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From "Mark J. Reed" <markjr...@gmail.com>
Subject Re: json date representations
Date Wed, 06 Jul 2011 15:15:28 GMT
It's all about the use case, right?   In a couchdb app, your map functions
can convert readily among formats, but it probably makes sense to use the
form that requires the least work from your most commonly-used views.

When using JSON as a serialization format, something that constructs an
actual JavaScript Date object would often be preferable to something that
requires extra code to process the objects later.  But something like "new
Date(1310000000000)" loses the benefit of JSON being human-readable.  The
multiple-argument constructor forms, as in "new
Date(Date.UTC(2011,6,7,0,53,20))", would be a nice compromise were it not
for the use of 0-based month numbers (that's July, not June).

On Wed, Jul 6, 2011 at 10:53 AM, Juan Jose Comellas <juanjo@comellas.org>wrote:

> We use CouchDB for a telephony application where we sometimes need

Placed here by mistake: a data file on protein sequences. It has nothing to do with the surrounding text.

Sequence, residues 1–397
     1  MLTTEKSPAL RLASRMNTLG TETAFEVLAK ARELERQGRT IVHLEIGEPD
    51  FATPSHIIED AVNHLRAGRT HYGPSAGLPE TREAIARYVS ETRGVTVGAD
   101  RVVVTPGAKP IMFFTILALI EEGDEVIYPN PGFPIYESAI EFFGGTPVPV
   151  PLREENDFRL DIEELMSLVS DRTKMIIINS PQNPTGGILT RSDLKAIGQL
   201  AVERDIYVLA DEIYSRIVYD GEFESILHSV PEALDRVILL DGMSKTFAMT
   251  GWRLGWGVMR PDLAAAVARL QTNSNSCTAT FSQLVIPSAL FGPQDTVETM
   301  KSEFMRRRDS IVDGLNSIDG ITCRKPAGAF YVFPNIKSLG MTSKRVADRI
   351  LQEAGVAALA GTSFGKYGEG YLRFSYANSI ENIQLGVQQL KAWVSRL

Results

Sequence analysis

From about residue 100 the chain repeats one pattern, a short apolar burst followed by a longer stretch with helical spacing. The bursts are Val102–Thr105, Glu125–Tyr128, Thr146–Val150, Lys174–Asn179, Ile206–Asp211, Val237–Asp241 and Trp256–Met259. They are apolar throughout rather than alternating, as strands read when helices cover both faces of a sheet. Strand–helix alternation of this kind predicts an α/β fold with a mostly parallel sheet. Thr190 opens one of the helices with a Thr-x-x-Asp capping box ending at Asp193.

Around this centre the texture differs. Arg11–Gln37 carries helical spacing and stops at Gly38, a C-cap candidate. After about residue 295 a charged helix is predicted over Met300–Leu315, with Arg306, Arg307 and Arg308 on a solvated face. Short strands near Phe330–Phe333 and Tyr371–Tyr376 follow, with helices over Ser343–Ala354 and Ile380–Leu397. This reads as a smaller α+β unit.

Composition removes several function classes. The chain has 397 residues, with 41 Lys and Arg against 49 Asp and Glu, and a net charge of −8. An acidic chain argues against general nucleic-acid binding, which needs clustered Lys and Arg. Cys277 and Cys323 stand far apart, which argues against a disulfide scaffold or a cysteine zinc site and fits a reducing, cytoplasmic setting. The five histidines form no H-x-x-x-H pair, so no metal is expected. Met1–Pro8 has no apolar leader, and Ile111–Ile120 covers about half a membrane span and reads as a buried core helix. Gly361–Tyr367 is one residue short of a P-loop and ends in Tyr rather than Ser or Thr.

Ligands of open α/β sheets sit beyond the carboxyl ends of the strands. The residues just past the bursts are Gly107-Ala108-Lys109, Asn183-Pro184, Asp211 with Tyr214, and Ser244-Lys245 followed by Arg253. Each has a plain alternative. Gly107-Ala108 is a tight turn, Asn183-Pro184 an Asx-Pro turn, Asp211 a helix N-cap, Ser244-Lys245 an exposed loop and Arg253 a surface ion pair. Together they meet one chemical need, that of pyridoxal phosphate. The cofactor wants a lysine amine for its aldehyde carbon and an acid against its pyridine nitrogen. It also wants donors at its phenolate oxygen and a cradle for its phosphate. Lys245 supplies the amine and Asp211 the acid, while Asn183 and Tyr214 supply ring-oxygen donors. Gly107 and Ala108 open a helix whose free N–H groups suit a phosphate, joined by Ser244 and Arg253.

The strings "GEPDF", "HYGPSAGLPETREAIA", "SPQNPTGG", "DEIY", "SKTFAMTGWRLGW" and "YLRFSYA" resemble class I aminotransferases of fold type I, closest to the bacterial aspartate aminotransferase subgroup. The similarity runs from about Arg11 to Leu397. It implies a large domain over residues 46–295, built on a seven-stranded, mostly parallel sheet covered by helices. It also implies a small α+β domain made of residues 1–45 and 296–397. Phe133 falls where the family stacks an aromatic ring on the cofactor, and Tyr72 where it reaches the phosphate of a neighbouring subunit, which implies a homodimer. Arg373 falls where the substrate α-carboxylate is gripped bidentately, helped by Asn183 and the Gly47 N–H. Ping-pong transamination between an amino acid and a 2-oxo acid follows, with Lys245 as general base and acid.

> subsecond
> precision, so we store timestamps as floating point numbers, where the
> integer part corresponds to the seconds and the decimal part to the
> {milli,micro,nano}seconds since the Unix epoch (Jan 1, 1970). The nice
> thing
> about this format is that it can be used both for absolute (a date) and
> relative (the offset at which an event occurred) timestamps and you can
> easily perform arithmetic operations between them.
>
>
> 2011/7/5 Rudi Benkovič <rudib@whiletrue.com>
>
> > Hi,
> >
> > I'm writing a little CouchDB administration utility and would like to
> > find out how most of you store data values in JSON. From .NET via
> > Newtonsoft's JSON serializer, dates end up in the ISO 8601 as a
> > string, like this:
> >
> > { Timestamp": "2011-05-12T20:52:02.3774261Z" }
> >
> > Let me know what other formats are used, as I'd like to cover as much
> > of them as possible - hopefully the Javascript view code will be able
> > to detect them automatically.
> >
> > Thanks!
> >
> > Rudi
> >
>



-- 
Mark J. Reed <markjreed@gmail.com>

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